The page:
About Eco Snow
Eco Snow Background
In Antarctica, less than 0.2% of the land is ice-free for at least part of the year and so is able to support terrestrial life. As in all habitats, these ecosystems have as their basis the primary producers – that is organisms that photosynthesise by using the sun’s energy to capture CO2 from the atmosphere and make sugars. Even so, in the Antarctic Peninsula, only 1.34% of this exposed ground is estimated to be vegetated.
Satellite images can be used to determine vegetated areas on the ground because photosynthetic organisms have distinct colours that can be detected. Perhaps surprisingly, when some of these areas have been inspected directly – in a process called ground-validation – a major group of photosynthetic organisms are snow-algae living on the surface of (or just below) the snow fields. Many species have dormant stages where they make red pigments – this has led to them being mistaken for drops of blood in the snow. As well as the fact that snow algae may be one of the major primary producers, they are also important for cycling nutrients in the habitable terrestrial regions of Antarctica. As the snow melts they are washed off into the surrounding environments providing nutrients to the adjacent land and into the sea. The contribution of snow algae to these ecosystems, both in absolute terms and relative to the area of ‘true’ terrestrial habitat in the Antarctic, is therefore likely to be considerable.
Recently, we have carried out studies to make the first-ever large-scale area and biomass distribution map of snow algae across the whole of the Antarctic Peninsula. Essentially we have been able to record for the first time the third largest terrestrial photosynthetic ecosystem on the Antarctic Peninsula after mosses and lichens. We detected 1679 green snow algae blooms covering approximately 1.9km2, which overall was estimated to weigh 1327 tonnes and taking up 1757 tonnes of CO2 per year. We found that these blooms were influenced by both temperature and nutrients with 60% of blooms being within 5km of a penguin colony. We also found that 62% of blooms were on small, low-lying islands that, should the Peninsula continue to warm, will lose their summer snow cover along with their snow algae. However, the other larger blooms were found further north on the Peninsula, on sites that would allow the blooms to expand onto higher ground.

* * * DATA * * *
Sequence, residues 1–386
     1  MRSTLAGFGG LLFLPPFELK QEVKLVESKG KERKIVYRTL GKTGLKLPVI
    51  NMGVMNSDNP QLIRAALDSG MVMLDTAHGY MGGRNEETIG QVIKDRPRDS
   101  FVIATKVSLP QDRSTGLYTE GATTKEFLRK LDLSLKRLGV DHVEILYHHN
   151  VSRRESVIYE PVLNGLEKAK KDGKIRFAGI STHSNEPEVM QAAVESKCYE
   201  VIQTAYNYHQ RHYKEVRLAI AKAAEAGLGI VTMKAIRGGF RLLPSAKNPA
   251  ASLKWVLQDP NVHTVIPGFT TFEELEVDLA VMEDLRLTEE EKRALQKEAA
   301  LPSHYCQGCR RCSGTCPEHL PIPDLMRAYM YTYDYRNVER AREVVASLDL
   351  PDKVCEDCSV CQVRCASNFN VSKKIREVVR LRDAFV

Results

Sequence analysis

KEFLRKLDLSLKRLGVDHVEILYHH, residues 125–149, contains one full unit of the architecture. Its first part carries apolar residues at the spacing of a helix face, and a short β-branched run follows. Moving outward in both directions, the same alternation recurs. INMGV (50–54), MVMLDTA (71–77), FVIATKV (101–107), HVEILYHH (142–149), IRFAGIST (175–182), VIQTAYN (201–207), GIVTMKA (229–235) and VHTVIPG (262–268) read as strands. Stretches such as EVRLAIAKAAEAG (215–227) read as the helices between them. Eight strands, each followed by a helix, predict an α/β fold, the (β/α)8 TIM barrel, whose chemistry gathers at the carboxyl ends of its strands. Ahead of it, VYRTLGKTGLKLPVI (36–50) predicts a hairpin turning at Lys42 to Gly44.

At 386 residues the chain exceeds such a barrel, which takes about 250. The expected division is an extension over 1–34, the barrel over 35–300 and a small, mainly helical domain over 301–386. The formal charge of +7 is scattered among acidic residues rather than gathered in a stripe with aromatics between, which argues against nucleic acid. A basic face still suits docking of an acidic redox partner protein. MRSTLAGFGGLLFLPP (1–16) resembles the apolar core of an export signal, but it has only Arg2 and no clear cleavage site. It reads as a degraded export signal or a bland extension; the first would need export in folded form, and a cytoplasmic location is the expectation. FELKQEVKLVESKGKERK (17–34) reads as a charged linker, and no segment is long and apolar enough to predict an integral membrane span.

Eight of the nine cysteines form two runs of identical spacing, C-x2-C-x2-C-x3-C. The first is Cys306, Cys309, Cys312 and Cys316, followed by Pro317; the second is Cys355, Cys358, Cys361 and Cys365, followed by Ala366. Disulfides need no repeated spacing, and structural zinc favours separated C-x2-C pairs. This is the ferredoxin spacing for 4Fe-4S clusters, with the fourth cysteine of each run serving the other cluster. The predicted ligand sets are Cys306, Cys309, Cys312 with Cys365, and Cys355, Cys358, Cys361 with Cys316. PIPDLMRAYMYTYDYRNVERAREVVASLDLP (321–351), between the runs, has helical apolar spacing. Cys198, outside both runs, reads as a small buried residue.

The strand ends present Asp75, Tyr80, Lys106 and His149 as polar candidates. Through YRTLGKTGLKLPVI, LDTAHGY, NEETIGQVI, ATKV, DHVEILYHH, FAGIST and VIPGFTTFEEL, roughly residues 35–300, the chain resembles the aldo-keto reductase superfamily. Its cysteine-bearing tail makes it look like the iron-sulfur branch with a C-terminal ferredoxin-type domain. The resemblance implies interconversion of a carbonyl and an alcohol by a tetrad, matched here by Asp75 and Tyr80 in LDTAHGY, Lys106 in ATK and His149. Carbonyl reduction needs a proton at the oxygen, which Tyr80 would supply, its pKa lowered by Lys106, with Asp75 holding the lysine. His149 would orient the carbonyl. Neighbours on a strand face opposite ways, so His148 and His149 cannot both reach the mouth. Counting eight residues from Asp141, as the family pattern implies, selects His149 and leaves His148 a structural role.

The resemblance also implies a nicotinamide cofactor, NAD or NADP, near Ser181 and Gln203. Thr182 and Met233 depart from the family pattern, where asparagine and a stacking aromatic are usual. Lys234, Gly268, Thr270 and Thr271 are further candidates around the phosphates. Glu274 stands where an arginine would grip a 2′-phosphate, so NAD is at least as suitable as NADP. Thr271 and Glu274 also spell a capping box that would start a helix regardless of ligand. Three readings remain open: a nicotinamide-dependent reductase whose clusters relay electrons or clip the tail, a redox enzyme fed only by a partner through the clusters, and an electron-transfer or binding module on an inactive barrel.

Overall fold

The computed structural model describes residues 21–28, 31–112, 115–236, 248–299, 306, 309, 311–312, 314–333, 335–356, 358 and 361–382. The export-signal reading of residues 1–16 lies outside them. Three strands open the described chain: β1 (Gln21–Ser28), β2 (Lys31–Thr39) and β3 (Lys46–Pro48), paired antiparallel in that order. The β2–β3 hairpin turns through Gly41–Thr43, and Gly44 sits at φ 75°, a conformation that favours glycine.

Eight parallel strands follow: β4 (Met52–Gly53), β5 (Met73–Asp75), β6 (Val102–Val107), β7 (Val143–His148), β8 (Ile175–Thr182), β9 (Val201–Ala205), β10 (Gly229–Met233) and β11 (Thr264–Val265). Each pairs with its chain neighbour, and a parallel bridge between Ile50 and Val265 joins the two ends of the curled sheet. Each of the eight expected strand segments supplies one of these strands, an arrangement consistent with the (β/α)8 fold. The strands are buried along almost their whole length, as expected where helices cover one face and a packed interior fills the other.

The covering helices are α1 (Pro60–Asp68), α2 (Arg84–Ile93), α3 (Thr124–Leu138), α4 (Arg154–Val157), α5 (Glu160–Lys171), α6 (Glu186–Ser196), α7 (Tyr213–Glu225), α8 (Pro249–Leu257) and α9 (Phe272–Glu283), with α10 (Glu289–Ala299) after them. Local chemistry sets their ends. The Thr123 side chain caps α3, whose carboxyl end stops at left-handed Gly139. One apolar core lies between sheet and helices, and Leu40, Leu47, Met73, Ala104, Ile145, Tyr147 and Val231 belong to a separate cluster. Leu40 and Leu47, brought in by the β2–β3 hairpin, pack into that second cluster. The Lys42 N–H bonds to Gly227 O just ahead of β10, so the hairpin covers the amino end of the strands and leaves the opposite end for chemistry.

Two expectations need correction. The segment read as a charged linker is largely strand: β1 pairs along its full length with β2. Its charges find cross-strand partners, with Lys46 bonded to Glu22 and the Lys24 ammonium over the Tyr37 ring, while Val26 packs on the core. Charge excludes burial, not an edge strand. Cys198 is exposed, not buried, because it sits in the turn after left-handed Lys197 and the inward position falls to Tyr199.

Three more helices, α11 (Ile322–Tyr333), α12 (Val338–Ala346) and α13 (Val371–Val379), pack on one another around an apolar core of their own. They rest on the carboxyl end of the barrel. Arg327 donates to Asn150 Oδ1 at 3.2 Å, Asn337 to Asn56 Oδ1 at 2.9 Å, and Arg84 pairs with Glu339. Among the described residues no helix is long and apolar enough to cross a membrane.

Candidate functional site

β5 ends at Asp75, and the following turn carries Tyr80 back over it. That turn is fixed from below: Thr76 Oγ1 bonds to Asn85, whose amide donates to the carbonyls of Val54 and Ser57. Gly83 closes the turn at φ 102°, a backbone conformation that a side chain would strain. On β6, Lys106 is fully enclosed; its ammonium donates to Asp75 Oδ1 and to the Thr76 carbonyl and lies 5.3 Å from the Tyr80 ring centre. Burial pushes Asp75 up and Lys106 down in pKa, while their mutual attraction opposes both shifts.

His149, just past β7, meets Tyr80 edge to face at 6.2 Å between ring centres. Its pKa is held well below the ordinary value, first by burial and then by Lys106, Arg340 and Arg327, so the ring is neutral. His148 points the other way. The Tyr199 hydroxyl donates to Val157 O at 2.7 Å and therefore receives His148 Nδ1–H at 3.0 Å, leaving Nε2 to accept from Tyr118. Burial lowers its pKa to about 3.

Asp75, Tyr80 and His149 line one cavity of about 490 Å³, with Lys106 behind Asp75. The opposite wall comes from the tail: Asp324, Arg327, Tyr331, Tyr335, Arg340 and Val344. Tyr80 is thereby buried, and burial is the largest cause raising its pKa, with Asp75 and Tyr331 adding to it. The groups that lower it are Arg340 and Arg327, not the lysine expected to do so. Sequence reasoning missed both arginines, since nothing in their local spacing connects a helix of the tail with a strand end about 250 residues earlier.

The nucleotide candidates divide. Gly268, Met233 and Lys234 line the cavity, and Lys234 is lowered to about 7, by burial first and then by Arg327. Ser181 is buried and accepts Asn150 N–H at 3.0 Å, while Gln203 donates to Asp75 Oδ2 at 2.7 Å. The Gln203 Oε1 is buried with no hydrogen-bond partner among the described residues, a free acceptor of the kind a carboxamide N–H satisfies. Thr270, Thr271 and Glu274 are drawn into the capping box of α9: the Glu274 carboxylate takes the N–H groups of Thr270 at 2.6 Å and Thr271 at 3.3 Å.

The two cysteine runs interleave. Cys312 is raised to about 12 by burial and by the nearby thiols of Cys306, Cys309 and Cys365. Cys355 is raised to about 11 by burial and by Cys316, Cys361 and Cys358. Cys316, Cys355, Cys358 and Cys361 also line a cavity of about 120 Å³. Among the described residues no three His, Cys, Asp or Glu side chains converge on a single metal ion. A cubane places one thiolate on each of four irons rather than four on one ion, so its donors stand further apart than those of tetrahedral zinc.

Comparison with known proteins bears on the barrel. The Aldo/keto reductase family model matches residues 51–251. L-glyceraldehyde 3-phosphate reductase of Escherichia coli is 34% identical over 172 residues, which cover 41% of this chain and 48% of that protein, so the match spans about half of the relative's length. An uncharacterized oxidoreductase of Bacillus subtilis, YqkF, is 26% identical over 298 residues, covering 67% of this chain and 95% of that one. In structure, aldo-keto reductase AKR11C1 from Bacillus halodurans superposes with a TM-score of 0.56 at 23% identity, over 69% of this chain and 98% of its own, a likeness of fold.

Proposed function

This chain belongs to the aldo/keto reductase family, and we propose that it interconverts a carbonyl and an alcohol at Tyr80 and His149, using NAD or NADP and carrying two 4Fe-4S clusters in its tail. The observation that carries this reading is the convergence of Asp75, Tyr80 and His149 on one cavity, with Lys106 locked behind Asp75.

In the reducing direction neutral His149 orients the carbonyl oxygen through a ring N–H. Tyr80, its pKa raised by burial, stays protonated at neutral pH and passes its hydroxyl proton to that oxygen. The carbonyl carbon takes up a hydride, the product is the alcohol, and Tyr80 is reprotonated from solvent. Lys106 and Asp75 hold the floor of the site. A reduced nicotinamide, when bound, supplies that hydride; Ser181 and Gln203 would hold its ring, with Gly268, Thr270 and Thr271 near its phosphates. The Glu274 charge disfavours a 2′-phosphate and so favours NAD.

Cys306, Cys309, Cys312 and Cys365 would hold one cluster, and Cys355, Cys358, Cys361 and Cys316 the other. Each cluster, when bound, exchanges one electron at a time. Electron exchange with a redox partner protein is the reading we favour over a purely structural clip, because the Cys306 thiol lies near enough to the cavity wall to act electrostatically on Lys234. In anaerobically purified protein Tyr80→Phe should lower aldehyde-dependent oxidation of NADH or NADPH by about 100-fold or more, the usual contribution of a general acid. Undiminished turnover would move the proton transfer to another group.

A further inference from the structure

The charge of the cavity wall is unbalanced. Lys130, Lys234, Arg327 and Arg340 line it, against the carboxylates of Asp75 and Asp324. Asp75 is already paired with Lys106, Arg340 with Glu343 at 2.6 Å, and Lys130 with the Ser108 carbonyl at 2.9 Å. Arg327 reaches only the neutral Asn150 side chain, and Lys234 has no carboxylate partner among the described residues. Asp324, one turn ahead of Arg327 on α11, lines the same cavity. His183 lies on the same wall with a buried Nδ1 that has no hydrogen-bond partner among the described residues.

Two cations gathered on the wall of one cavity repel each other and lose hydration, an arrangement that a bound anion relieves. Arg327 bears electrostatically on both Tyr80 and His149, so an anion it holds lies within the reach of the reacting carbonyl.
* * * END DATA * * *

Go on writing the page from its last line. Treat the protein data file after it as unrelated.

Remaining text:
Now we have the initial estimates of where and how much snow algae there is in one part of Antarctica it is important that we work out 1: where snow algae are in the rest of Antarctica 2, increase the detection sensitivity of our methods by using drones to detect the red as well as green blooms 3, the range of temperatures, nutrients and light required for the snow algae to bloom 4, how the snow algae compare to other major plants in the region such as lichens and mosses and 5, whether the snow algae species across Antarctica are all the same and what are they made of. We will also look at historical satellite images of Antarctica to see if the blooms are spreading, decreasing or have remained in the same places.
To do this we need to carry out a comprehensive survey of snow algae blooms from detected sites all the way along the Antarctic Peninsula in 2021 and then studying one very large bloom for a whole growth season in 2022. There we will ground-truth the blooms and other vegetation and to carry out a detailed analysis of the nutrients in the snow and the photosynthetic activity of the snow algae and other plants in the area. This will allow us to estimate their overall contribution to the polar carbon budget. Once we have all this information we can make detailed models to predict how the snow algae blooms will change in location, size, biomass and species in the coming years. Overall, this will be a significant advance in our understanding of the Antarctic terrestrial ecosystem.